The fate of a multibillion dollar pipeline that could unlock 4.5 billion cubic feet of North Slope gas reserves daily and power North American homes and businesses for decades now rests in the hands of 20 Alaska state senators.
On Wednesday, the Alaska House of Representatives reaffirmed its Tuesday night vote to award an exclusive license to TransCanada Corp., which must move forward on federal permitting applications for the 1,715-mile pipeline estimated to cost between $26 billion and $30 billion.
This leaves the Senate to approve or reject the license by Aug. 2. Republican Senate President Lyda Green said her energy committee still has a few questions to pose, but she expects for the Senate to vote on Gov. Sarah Palin's license recommendation by late next week.
While the license in no way guarantees construction, it calls for TransCanada to move forward on a costly process of pursuing a federal certificate, but also with up to $500 million in state seed money.
"We are not pursuing this project to spend a lot of our money and the state's money and just end up with a certificate," said TransCanada vice president Tony Palmer. "Our goal is to successfully get a certificate, successfully attract customers and successfully complete a project."
As the debate on Capitol Hill over domestic natural gas and oil production grows increasingly divisive and partisan, Alaska's pipeline discussion is being closely watched.
And should Alaska's Senate concur, it will still be at least another 10 years before any market sees Alaska's gas. Plus, there is still a competing pipeline moving forward without the state's startup money.
That project is a joint venture between North Slope oil producers and gas leaseholders ConocoPhillips and BP PLC, which believed Palin's Alaska Gasline Inducement Act, or AGIA, was too restrictive.
On Wednesday, ConocoPhillips Chief Executive Jim Mulva told analysts that the joint venture project named Denali will progress even if the TransCanada proposal gets full legislative support.
The two companies already have filed paperwork for preliminary federal permitting and $40 million worth of field work is under way. They also plan to eventually solicit bids to ship gas in the pipeline, a process known as open season.
In ConocoPhillips' quarterly earnings conference call, one analyst asked Mulva about pipeline developments in Alaska. Mulva said that "irrespective of what takes place with approval or not by the state Legislature, we continue to go forward with BP on the Denali project, doing our field work this summer and moving right through a process of open season that we expect here in the next few years. So it doesn't change at all the aggressiveness in the plan that we've announced with respect to Denali and our work between ConocoPhillips and BP."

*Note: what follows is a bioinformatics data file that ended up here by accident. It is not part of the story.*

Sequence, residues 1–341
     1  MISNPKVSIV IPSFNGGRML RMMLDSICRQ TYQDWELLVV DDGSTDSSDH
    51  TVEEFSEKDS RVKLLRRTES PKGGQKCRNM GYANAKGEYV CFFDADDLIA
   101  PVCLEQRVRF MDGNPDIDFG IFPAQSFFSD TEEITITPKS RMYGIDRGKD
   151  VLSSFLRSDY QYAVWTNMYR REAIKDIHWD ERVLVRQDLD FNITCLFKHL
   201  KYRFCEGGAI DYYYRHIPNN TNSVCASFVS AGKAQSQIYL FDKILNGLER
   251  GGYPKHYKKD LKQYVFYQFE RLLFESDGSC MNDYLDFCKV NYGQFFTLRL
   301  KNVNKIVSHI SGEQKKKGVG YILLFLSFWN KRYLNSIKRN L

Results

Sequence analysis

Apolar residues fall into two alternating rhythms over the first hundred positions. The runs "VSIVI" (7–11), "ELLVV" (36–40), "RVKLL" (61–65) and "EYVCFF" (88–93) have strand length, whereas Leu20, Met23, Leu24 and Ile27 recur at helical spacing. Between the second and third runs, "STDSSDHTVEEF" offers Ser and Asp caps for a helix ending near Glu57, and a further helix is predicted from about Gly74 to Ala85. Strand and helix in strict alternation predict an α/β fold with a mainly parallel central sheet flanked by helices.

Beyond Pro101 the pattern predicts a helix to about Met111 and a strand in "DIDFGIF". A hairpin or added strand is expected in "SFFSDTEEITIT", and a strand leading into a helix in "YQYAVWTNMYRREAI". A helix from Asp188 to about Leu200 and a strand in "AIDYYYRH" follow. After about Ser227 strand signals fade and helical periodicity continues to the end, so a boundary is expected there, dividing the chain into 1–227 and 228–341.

Alaska House Rep. Mike Kelly, a Fairbanks Republican and former utility chief executive, said he has no problems with competing pipelines moving forward. Kelly added that TransCanada's credentials as one of North America's largest pipeline companies also helped him vote yes.
"I like their integrity," Kelly said. "They are the best at what they do and they are dead serious about building a pipeline. They don't own any gas and they are very used to talking to producers into putting their gas into a pipeline. It's what they do best."
ConocoPhillips was one of six companies to submit a bid to the state by Nov. 30 last year, but the Houston-based company did so outside of the state's guidelines and it was quickly rejected by Palin.
Pipeline talks come at a time when natural gas has become an increasingly valuable source of energy with U.S. natural gas demand growing about 1.5 percent a year for two decades since 1986.
And with so many regions in the continental U.S. off-limits to oil and gas development, Alaska's gas line could help ease American demand by shipping trillions of cubic feet of gas to market.
A gas line, discussed since Alaska began shipping oil in an 800-mile, trans-Alaskan pipeline 31 years ago, has major long-term implications toward powering North American homes and business.
Large amounts of natural gas come to the surface when oil is being pumped from Alaska's large-but-dwindling oil fields. The industry now reinjects this natural gas into the ground without shipping to markets.
As of 2006, about 19 percent of electricity generated domestically comes from burning natural gas, a 10 percent increase from 1986, according to a recent Rice University report. Additionally, more than 50 percent of Americans heat homes with natural gas.
The prospect of an Alaska gas line gained momentum in recent years with natural gas futures trading in the mid-$10 range and the likelihood of prices falling sharply becoming increasingly remote.
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